Mami is so easy to fall in love with. She is a tiny lady always wrapped in layers of shawls and scarves. Under all those wrappings, I can tell that she has lovely hair, thick and smoothed back in waves. When the technicians seat her in her dialysis chair and finish attaching her to the machine, they wrap her legs in blankets. Mami speaks very little English and I speak zero Filipino. We communicate with smiles, hand-to-hand touch and the feel of what we say to each other. It works.

Three times a week Mami and my sister receive their treatments, sitting for four hours while a machine cleanses their system of toxins. My sister watches DVDs or plays games on the tv that is provided. Mami watches tv for about ten minutes before she dozes off, sleeping like a child until time to go home. If the people around her talk too loudly or too much, she will wake and tell the techs that "They are too noisy. Too noisy for me to rest." And everyone will quiet down a little so that Mami can sleep.

Mami's son and daughter-in-law transport her to and from the treatments. She and I typically get to spend five or ten minutes together while she is waiting for her ride and I am waiting to take my sister home. We talk to each other in words and pantomine ("I was in the hospital this weekend. Chest pains." "Are you feeling okay right now?" "Yes, yes, I think so.") We manage to exchange bits of news ("How is your sister?" "She's doing well." "My husband will be coming here." "To dialysis?" "To Alaska. Here." "Where is he now?" "In the Philippines still, but he is coming here.") I learned that her husband is deceased. It doesn't matter, she still loves him so I always ask about him and she always tells me that he will be coming here soon.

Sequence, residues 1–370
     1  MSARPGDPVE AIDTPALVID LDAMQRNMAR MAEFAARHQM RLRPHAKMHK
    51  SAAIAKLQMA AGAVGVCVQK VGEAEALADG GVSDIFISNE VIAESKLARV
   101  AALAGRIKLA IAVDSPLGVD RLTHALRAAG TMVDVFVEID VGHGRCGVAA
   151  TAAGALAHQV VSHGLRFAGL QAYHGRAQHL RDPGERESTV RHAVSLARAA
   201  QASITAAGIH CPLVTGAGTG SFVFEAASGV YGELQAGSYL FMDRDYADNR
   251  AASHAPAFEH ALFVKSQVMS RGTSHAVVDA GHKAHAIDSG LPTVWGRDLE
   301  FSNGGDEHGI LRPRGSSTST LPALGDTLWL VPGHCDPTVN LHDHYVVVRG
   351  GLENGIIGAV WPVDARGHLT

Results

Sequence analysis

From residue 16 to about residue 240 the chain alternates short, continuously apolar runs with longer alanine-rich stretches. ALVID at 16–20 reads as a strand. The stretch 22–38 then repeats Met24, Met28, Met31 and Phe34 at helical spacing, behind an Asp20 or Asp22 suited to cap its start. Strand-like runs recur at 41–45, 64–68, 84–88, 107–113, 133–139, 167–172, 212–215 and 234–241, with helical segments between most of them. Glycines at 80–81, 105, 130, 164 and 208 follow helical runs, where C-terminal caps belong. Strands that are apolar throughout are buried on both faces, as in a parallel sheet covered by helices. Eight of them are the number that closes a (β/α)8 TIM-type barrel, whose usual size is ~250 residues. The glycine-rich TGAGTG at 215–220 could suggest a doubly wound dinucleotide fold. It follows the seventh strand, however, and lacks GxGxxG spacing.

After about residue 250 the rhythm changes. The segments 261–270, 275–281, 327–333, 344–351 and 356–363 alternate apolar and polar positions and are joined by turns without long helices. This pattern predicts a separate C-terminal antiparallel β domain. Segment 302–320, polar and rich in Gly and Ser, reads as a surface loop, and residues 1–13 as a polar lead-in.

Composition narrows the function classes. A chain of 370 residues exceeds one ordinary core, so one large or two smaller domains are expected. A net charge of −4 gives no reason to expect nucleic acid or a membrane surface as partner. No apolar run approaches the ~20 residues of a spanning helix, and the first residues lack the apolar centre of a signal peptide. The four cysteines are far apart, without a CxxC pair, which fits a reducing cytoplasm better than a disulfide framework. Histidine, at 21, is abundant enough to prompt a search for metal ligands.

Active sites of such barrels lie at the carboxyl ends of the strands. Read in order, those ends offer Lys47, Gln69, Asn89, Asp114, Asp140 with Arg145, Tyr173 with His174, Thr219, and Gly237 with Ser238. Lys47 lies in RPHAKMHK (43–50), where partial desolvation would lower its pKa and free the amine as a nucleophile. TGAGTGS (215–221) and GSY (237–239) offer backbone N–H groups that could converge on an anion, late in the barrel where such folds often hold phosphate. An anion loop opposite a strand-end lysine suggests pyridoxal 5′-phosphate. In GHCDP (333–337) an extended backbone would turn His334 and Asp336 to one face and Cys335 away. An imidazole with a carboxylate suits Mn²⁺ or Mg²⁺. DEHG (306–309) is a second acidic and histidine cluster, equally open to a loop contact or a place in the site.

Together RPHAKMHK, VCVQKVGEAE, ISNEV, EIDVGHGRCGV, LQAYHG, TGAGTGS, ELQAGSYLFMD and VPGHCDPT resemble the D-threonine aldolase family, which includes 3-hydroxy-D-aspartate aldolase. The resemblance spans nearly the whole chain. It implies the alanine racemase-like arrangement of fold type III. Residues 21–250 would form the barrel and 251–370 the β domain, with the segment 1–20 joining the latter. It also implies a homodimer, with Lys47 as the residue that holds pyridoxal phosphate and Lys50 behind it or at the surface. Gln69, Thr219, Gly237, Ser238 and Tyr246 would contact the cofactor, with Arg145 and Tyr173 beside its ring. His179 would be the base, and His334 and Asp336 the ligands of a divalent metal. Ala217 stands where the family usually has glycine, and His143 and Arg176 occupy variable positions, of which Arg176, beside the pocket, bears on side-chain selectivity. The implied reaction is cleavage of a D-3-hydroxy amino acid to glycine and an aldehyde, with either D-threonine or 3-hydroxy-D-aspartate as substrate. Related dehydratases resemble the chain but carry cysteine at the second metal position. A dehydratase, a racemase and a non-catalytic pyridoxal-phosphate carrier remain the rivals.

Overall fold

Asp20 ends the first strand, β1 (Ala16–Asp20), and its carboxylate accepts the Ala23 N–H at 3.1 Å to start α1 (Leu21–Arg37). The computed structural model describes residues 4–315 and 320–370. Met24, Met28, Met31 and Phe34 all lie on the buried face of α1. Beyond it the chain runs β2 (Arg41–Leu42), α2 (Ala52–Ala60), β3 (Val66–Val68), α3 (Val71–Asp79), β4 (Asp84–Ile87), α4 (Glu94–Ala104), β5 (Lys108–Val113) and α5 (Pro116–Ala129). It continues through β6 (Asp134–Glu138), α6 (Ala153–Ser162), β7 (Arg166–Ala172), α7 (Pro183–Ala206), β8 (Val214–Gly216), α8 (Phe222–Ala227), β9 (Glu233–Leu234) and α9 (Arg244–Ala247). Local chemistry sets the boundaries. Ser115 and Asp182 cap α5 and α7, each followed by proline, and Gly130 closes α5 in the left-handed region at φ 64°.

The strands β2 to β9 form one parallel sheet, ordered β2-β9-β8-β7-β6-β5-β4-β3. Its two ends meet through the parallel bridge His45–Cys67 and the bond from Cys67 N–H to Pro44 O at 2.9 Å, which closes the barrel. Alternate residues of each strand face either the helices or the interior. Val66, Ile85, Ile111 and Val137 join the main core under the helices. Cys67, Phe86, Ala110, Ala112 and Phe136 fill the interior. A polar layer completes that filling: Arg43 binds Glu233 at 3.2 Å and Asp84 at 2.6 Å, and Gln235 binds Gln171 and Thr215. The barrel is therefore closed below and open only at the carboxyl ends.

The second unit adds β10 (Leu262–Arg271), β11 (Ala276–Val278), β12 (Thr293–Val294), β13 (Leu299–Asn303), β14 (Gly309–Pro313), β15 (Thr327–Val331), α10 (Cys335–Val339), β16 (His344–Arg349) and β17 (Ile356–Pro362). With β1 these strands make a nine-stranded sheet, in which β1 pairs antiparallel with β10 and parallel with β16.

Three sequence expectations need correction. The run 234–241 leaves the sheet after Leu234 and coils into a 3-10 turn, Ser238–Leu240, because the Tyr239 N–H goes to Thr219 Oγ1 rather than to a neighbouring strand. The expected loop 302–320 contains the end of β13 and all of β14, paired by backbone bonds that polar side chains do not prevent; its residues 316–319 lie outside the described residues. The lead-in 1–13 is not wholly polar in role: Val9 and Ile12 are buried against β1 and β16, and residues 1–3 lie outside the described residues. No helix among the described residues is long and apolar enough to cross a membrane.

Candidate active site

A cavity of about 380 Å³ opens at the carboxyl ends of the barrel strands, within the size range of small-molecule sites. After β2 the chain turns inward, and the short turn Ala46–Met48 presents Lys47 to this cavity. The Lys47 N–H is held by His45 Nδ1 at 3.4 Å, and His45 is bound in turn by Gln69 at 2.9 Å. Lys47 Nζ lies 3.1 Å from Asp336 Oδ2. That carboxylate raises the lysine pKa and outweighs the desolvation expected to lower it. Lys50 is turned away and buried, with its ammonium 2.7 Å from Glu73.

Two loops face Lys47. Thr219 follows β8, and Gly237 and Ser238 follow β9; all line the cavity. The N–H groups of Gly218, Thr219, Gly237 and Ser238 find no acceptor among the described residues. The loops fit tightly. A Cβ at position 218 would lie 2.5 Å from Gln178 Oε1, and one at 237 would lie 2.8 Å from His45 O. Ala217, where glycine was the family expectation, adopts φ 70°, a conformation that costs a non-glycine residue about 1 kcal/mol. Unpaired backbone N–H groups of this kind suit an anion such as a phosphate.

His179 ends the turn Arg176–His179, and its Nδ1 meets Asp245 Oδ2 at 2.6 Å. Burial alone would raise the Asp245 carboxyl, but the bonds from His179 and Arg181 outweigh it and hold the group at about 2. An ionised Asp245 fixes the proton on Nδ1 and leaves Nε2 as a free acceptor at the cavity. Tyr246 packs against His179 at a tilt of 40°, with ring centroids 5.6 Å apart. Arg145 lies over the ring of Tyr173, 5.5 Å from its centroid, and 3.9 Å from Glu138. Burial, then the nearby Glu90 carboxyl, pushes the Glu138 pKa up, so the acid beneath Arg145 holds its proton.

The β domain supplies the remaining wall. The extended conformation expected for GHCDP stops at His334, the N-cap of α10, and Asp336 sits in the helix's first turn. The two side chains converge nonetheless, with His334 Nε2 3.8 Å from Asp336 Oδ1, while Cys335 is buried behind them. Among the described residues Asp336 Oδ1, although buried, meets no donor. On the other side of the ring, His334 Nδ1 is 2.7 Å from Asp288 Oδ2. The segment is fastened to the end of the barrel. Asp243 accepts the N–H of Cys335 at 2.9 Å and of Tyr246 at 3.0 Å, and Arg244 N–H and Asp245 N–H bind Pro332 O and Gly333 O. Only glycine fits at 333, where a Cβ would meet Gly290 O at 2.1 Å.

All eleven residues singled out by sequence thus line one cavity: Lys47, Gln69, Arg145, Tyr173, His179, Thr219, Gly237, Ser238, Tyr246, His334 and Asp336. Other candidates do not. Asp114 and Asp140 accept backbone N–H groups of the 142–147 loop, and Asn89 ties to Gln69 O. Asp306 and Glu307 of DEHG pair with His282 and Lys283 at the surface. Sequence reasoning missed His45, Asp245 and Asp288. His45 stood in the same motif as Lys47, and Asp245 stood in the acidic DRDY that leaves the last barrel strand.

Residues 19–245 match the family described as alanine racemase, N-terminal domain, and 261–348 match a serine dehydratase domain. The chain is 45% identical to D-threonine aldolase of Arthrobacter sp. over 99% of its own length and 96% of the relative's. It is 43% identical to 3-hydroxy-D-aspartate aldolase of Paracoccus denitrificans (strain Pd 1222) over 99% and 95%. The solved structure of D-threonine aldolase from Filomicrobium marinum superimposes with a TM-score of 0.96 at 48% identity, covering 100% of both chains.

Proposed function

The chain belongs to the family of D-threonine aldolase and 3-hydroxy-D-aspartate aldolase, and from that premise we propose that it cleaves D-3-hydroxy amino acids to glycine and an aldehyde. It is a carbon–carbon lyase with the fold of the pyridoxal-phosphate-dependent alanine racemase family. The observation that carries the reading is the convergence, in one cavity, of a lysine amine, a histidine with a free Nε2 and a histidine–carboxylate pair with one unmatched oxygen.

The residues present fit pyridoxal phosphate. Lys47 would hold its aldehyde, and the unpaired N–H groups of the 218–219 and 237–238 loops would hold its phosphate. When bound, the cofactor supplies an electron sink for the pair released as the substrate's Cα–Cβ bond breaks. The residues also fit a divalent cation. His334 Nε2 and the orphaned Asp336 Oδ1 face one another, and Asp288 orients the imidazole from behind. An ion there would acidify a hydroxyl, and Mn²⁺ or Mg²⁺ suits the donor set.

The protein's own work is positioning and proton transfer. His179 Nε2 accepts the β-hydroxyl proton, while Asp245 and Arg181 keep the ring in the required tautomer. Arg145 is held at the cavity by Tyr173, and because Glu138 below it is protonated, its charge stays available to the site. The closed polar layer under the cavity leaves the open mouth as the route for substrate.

When Mami's children arrive to take her home, she will touch her lips to my cheek and tell me she loves me. (When I first cut off most of my hair and felt de-Trudied, Mami told me "You are beautiful.") I tell her I love her. We will  expect to see one another "day after tomorrow." Always day after tomorrow, every other day of the week, as long as dialysis works for Mami and my sister.

So that's what I can tell you about Mami.

Peace
--Free

Saturday, January 07, 2012

I Didn't Break the Internet, But...

... I did something to my Google Plus! LOL

I was over checking out the latest of "What's Hot" on G+ and... not sure what happened. I was trying to comment on a post I had just read and, um, it disappeared.

I'm not kidding. I am a little bit scared right now. I hope no one over there notices.

Anyway, here is another site showing the article, which is very, very cool. I get sick of young folks throwing the whole "green" thing in my face. This is the perfect response. Enjoy.

Peace
--Free

(P.S.: I'm going back over to G+ to see what the heck I did!!!)

Sunday, January 01, 2012

It's Here: 2012

Wow. When I was about 15 or 16, I could not  have conceived of life in 2012. 2000 and 12... Whoa.

So, I made it. Sort of surreal to think of being alive in this year when I was born in 1963. Born into a world of no computers, no cable tv, no cell phones... And living in a world where all of that is almost passe! Wild.

I made resolutions, not many, but a few. I will keep them to myself, but can let you know that I decided it is an easier and less painful life if you only care much for the right people and things.

I wanted to take a picture that symbolized the new year, but can't find even one that begins to cover it. I will have to ask my niece Gabby to draw something for me.

Anyway - here's wishing you all a happy, blessed, healthy, peaceful and joyful 2012. May God keep you under His love.


Here is the best I can do for a pic for now. (Isn't this kid just adorable?) This is going to be a funky-happy new year! lol





Peace
--Free